If you try flooring an auto trans car at 2000-2500 rpm, the car will downshift, no matter what gear you have selected.  Many dyno shops will simply floor it and let it run through the gears.  The problem with this is that you don’t get a good idea of the hp/tq curve below about 5000 rpm.  You will get peak HP and depending on turbo / engine setup, maybe peak TQ as well, but, like everything else we do on this website, there is a better way.

Our a650e automatics are 5 speed transmissions as well.  That in mind, the 4th gear is the gear we want to be in to dyno.  It is exactly 1:1, which is ideal.  So, follow these steps to get the most accurate dyno possible.  Select manual mode and downshift as far as possible using the steering wheel buttons – you will be limited to 2nd gear.  Put the car in snow mode.  Power mode will make no difference on the dyno.  Get the tires rolling, up to about 20 mph and upshift to 3rd using the steering wheel buttons.  You should feel it shift.  Slowly accelerate more to about 3000 rpm in 3rd.  Shift to 4th, you should feel it shift and the decrease in RPM.  Now that we are confirmed in 4th gear, slowly accelerate to 3200 rpm.  The dyno operator should hit the start run button at this point.  Floor it.  RPM will climb – be ready though, at 4000 rpm, you will want to turn off snow mode.  This is when the fun really starts.  Obviously, let off when you reach the maximum RPM you wish to achieve.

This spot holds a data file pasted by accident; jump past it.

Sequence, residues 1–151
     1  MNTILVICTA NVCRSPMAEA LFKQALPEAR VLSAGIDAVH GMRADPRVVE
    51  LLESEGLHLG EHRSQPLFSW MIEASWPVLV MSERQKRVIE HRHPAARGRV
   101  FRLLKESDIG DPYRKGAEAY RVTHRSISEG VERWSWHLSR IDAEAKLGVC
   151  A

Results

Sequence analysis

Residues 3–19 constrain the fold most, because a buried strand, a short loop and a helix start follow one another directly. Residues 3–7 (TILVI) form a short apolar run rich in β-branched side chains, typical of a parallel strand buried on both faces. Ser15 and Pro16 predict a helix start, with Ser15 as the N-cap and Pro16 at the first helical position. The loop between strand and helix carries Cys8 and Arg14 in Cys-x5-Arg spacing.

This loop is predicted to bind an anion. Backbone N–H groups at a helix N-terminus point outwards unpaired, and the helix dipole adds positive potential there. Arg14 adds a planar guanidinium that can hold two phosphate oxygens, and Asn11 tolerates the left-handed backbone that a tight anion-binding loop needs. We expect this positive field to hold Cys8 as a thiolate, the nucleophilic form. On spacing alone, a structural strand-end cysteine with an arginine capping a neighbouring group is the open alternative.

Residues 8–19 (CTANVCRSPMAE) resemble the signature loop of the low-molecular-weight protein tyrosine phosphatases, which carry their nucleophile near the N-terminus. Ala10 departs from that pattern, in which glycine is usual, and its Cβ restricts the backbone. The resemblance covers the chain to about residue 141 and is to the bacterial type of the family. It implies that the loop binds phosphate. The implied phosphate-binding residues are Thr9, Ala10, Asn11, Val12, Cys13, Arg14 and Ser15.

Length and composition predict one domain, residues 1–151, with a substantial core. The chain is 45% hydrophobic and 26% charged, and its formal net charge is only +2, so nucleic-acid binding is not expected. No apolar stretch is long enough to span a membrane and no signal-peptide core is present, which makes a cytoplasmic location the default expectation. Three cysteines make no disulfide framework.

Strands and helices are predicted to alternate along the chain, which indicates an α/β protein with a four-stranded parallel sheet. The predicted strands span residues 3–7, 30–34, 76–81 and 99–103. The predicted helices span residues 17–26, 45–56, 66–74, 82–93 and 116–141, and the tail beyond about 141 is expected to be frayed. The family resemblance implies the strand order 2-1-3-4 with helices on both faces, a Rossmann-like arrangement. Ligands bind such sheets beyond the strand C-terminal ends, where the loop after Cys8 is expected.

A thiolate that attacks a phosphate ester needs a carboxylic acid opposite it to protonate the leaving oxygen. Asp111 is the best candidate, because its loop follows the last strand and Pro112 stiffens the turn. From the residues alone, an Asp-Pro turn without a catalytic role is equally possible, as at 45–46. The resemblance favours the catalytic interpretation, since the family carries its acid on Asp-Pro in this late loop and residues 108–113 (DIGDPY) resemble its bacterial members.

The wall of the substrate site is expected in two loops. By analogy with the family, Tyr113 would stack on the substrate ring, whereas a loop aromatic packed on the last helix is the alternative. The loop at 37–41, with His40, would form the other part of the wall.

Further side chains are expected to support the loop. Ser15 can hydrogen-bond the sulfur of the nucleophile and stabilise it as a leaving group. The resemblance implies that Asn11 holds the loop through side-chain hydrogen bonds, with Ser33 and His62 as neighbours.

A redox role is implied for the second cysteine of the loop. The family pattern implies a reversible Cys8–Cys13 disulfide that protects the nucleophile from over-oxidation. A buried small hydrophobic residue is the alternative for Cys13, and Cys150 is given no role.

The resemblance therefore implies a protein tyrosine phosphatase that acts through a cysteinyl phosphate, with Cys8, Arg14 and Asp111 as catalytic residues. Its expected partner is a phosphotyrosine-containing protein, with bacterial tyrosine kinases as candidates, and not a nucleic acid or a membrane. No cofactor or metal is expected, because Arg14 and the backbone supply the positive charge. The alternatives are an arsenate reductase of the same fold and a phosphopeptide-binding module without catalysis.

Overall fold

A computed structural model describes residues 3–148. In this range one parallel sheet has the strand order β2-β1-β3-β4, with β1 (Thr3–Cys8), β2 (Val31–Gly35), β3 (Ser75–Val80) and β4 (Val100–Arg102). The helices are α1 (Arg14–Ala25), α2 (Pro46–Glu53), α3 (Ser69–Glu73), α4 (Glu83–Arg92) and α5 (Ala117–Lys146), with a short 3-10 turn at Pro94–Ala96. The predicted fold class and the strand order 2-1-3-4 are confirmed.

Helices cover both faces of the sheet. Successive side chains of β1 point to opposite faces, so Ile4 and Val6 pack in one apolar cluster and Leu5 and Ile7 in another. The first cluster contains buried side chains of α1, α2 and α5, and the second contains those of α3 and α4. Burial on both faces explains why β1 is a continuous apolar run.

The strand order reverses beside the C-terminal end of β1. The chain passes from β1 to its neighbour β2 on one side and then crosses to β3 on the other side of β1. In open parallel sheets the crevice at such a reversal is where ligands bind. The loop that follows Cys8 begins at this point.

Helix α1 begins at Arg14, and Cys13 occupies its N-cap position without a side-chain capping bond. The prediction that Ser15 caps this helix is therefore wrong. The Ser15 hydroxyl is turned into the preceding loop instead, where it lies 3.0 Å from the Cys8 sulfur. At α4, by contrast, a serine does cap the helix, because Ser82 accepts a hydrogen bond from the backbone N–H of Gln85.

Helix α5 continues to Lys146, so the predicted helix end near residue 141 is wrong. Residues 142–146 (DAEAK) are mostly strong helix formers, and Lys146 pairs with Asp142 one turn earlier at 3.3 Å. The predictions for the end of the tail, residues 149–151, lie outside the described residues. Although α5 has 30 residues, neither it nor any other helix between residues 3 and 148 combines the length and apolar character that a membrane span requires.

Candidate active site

Why does this work, and why snow mode?  Simple – snow mode prevents downshifts except at very low RPM.  Even as low as 3000 RPM.  The downside to snow mode, and the reason we have to turn it off at 4000 RPM is that is also limits throttle open percentage to approximately 60%.  Won’t make much power that way.

So, now you know the best way to dyno your automatic IS300.

This also works on the road when using software to interpolate horsepower and torque, such as Virtual Dyno.

Fixing a jacked up car, AKA – the right way to wire a standalone, Part 1

This will be a multi part series as I just received the car yesterday and I am sure I will have more surprises along the way.

The enthusiast that dropped it off to me complained of poor drivability, inability to stay running when warm, excessively hard shifts, as well as just a lack of trust in the shop that performed the work initially.